* This means that all allocations are within _MAX_BYTES = 128
 * as defined in stl_alloc.h for __pool_alloc.
 * Whether or not this value is relevant in "the real world" 
 * or not I don't know and should probably be investigated in 
 * more detail.
 */
int insert_values = 32;

/*
 * Number of threads to create
 */
int threads = 8;

static struct timeval _tstart, _tend;
static struct timezone tz;

void
tstart (void)
{
  gettimeofday (&_tstart, &tz);
}
void
tend (void)
{
  gettimeofday (&_tend, &tz);
}

double
tval()
{
  double t1, t2;

  t1 = (double)_tstart.tv_sec + (double)_tstart.tv_usec/(1000*1000);
  t2 = (double)_tend.tv_sec + (double)_tend.tv_usec/(1000*1000);
  return t2 - t1;
}

int
calibrate_test_ints (void)
{
  tstart ();
  for (int i = 0; i < calibrate_iterations; i++)
  {
    vector<int> v1;

    for (int j = 0; j < insert_values; j++)
    {
      v1.push_back (1);
    }
  }
  tend ();

  return (int)((double)target_run_time / tval ()) * calibrate_iterations;
}

void*
test_ints_pool_alloc (void* it)
{
  int iterations = *(int*)it;

  for (int i = 0; i < iterations; i++)
  {
    vector<int> v1;

    for (int j = 0; j < insert_values; j++)
    {
      v1.push_back (1);
    }
  }

  return NULL;
}

void*
test_ints_malloc_alloc (void* it)
{
  int iterations = *(int*)it;

  for (int i = 0; i < iterations; i++)
  {
    vector<int, __malloc_alloc<0> > v1;

    for (int j = 0; j < insert_values; j++)
    {
      v1.push_back (1);
    }
  }

  return NULL;
}

void*
test_ints_mt_alloc (void* it)
{
  return NULL;
}

int
main (void)
{
  printf ("Target run-time: %ds\n", target_run_time);

  printf ("Calibrating test_ints... ");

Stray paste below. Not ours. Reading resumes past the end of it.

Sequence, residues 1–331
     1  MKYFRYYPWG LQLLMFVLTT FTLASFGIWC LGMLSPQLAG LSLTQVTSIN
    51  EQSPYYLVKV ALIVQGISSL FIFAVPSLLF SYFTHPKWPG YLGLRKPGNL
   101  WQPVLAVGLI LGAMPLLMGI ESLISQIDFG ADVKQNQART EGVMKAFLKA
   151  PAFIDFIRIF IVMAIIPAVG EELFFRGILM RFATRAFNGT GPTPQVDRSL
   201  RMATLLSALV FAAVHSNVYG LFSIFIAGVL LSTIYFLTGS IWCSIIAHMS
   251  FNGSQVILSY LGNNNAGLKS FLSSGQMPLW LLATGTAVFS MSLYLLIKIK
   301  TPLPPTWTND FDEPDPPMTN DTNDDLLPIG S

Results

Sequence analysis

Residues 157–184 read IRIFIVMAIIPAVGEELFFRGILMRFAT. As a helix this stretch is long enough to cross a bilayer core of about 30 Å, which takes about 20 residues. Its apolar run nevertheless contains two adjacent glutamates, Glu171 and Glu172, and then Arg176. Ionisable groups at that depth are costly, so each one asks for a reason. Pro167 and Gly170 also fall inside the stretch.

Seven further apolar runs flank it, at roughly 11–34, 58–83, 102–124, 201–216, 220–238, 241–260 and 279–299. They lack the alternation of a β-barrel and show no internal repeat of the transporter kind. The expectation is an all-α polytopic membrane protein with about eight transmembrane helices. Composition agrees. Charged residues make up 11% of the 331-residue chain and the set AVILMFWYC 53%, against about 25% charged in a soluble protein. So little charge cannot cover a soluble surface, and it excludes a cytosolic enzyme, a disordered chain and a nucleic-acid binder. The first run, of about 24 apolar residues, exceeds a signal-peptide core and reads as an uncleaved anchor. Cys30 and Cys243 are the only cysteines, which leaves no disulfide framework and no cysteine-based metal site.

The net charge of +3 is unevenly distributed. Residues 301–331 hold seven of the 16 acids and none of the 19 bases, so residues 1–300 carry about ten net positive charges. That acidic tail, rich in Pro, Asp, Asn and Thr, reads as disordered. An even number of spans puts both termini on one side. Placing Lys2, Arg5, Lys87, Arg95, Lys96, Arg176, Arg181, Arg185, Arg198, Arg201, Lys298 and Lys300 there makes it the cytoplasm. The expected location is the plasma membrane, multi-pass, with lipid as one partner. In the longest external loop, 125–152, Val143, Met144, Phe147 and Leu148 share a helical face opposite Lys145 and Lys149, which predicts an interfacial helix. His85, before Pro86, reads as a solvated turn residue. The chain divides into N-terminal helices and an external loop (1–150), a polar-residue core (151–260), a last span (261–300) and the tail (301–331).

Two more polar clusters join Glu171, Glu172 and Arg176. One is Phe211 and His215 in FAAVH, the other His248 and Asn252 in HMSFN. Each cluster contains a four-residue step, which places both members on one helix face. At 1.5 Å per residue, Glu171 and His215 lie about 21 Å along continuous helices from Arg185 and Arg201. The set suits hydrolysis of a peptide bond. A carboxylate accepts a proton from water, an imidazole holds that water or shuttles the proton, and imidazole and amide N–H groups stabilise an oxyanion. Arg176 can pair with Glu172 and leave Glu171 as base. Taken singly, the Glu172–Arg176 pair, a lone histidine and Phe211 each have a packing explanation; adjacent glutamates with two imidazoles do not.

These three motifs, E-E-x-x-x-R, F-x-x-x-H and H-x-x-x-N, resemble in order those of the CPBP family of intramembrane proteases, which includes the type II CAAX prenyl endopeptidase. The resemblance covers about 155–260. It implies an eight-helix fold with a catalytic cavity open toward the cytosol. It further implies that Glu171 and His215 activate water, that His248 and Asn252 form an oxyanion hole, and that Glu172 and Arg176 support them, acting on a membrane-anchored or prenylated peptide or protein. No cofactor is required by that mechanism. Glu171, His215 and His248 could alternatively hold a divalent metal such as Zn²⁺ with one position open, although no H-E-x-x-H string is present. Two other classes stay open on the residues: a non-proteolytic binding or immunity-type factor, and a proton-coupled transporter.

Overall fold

int iterations = calibrate_test_ints ();
  printf ("DONE! Will do %d iterations.\n", iterations);

  double results[3];
  pthread_t workers[threads];

  printf ("__pool_alloc... ");
  tstart ();
  for( int i = 0; i < threads; i++ )
  {
    pthread_create (&workers[i], NULL, test_ints_pool_alloc, (void*)&iterations);
  }

  for( int i = 0; i < threads; i++ )
  {
    pthread_join (workers[i], NULL);
  }
  tend ();
  results[0] = tval ();
  printf ("DONE! Time %f\n", results[0]);

  printf ("__malloc_alloc... ");
  tstart ();
  for( int i = 0; i < threads; i++ )
  {
    pthread_create (&workers[i], NULL, test_ints_malloc_alloc, (void*)&iterations);
  }

  for( int i = 0; i < threads; i++ )
  {
    pthread_join (workers[i], NULL);
  }
  tend ();
  results[1] = tval ();
  printf ("DONE! Time %f\n", results[1]);

/*
  printf ("__mt_alloc... ");
  tstart ();
  for( int i = 0; i < threads; i++ )
  {
    pthread_create (&workers[i], NULL, test_ints_mt_alloc, (void*)&iterations);
  }

  for( int i = 0; i < threads; i++ )
  {
    pthread_join (workers[i], NULL);
  }
  tend ();
  results[2] = tval ();
  printf ("DONE! Time %f\n", results[2]);
*/

  printf ("Relative performance to __pool_alloc:\n");
  printf ("__malloc_alloc %f %%\n", (results[0] / results[1])*100);
//  printf ("__mt_alloc %f %%\n", (results[0] / results[2])*100);

  return 0;
}

#else

int 
main (void) 
{
  printf ("No thread support, exiting!\n");

  return 0;
}

#endif